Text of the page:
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<p>Michael Fassbender and Mia Wasikowska in &quot;Jane Eyre,&quot; shortlisted today for the USC Scripter Award.</p>

Michael Fassbender and Mia Wasikowska in "Jane Eyre," shortlisted today for the USC Scripter Award.

Credit: Focus Features

'Tinker, Tailor,' 'Jane Eyre' nominated for USC Scripter Award

'The Descendants,' 'Moneyball' also in the mix, 'The Help,' 'Dragon Tattoo' omitted

Earlier this week, I singled out Peter Straughan and the late Bridget O'Connor's artful adapted screenplay for "Tinker, Tailor, Soldier, Spy" as one of the 10 on-the-bubble contenders we'd most like to see show up in the Oscar race. The week before, I sang the praises of Moira Buffini's subtly innovative adaptation of "Jane Eyre" in my screenplay-themed First-Half FYC column.

So you can imagine that I'm pretty chuffed to see both these outstanding efforts show up in the list of nominees for the USC Scripter Award, a prize for literary adaptations that honors both the screenwriter and the author of the source material.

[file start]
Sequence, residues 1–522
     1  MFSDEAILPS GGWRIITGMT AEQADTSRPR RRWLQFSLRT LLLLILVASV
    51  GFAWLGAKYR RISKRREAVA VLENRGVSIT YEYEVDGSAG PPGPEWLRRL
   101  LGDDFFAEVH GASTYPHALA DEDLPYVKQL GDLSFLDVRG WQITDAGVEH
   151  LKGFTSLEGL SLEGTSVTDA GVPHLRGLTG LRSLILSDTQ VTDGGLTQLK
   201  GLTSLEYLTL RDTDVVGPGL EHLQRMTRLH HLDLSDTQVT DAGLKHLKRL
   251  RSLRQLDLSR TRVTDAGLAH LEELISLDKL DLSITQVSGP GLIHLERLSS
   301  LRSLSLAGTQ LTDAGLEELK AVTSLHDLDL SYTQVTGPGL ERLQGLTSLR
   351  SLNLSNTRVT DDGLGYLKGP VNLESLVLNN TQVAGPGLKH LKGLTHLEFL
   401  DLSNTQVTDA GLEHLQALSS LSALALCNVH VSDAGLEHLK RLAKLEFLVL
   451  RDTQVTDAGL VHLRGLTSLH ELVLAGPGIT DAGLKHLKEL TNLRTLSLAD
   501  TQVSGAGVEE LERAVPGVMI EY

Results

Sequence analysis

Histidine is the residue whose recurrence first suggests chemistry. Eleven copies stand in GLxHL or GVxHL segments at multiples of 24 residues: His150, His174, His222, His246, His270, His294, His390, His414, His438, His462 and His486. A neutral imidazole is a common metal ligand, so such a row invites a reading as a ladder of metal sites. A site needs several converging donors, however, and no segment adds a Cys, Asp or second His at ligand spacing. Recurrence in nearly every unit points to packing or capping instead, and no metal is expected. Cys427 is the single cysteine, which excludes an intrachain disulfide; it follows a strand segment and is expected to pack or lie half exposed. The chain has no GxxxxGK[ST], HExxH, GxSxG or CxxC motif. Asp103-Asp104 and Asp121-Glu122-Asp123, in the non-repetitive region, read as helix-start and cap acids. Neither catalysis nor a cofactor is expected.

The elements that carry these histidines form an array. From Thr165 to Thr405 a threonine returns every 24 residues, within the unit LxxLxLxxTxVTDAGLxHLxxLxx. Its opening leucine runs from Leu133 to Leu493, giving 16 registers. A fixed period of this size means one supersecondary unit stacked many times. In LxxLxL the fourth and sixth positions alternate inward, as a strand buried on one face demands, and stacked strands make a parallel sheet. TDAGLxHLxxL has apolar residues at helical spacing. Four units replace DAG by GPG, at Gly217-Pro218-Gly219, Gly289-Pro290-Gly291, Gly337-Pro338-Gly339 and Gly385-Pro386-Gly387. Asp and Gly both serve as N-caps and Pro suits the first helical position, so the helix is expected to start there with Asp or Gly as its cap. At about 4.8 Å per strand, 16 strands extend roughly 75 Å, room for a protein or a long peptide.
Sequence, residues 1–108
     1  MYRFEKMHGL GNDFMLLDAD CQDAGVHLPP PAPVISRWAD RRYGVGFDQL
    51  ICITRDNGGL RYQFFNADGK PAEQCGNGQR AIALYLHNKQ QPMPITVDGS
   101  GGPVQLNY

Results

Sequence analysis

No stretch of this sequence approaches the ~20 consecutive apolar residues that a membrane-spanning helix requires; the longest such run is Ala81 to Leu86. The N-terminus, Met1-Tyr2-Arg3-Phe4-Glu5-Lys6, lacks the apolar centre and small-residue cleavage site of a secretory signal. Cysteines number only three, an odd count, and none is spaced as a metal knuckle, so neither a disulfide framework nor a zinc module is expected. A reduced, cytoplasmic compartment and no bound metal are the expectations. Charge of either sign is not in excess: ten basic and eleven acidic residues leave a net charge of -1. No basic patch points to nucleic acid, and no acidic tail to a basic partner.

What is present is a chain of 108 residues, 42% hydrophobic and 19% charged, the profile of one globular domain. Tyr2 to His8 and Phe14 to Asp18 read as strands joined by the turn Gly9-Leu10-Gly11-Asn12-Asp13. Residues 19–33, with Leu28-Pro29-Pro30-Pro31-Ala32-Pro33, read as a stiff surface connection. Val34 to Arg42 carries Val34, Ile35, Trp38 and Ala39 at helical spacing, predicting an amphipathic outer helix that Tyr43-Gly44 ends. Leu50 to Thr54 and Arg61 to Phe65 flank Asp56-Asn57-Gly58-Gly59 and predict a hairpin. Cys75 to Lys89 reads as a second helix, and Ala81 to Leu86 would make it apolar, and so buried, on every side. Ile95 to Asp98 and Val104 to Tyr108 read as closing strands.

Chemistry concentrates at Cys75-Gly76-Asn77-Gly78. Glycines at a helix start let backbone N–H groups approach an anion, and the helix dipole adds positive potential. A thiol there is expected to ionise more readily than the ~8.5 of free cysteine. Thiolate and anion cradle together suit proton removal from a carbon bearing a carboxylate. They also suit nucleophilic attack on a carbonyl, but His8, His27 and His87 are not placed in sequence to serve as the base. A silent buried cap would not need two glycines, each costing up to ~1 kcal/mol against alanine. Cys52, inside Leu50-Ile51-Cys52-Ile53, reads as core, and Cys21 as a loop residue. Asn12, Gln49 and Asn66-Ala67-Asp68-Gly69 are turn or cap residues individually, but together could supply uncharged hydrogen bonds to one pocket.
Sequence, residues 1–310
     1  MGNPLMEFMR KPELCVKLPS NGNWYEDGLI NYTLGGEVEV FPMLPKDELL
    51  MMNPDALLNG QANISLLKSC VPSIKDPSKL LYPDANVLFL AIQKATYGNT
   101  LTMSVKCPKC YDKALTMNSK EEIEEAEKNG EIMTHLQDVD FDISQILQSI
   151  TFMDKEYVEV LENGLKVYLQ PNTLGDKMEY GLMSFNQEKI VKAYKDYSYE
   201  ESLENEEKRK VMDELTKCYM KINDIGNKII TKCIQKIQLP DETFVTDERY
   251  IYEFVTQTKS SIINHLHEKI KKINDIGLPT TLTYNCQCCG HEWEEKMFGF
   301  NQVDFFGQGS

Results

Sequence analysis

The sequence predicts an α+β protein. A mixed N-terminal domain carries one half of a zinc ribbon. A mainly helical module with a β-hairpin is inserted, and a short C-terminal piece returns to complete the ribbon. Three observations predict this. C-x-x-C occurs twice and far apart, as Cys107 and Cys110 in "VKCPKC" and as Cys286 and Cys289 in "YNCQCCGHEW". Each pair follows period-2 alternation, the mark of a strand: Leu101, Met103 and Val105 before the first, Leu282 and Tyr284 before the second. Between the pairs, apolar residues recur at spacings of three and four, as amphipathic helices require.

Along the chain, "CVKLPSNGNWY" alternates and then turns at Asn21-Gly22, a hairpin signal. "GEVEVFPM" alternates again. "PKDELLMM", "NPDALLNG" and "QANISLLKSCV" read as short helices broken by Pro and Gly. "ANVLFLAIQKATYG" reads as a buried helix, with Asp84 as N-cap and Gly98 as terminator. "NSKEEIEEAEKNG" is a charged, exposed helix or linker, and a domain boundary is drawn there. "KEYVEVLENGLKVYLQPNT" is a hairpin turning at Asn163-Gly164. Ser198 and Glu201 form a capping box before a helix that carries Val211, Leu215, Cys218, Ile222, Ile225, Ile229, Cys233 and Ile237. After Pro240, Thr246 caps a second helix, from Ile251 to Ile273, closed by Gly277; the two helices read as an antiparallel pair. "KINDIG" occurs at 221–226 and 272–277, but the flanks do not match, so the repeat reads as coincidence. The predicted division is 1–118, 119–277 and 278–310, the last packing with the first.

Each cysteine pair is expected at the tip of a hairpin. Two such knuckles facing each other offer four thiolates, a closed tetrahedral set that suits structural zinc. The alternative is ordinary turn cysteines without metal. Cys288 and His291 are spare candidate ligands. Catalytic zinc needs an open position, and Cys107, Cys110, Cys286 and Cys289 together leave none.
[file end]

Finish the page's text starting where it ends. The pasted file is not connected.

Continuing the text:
The Scripter's literary focus means it can't be compared directly to the Best Adapted Screenplay Oscar, which obviously considers adaptations from other media, but there's often a significant overlap between their nominees.

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<p>Shailene Woodley, George Clooney and Amara Miller in &quot;The Descendants.&quot;</p>

Shailene Woodley, George Clooney and Amara Miller in "The Descendants."

Credit: Fox Searchlight Pictures

Round-up: 'Descendants' doesn't want to lose on a technicality

Also: People's Choice winners and Paul Thomas Anderson's IMAX ambitions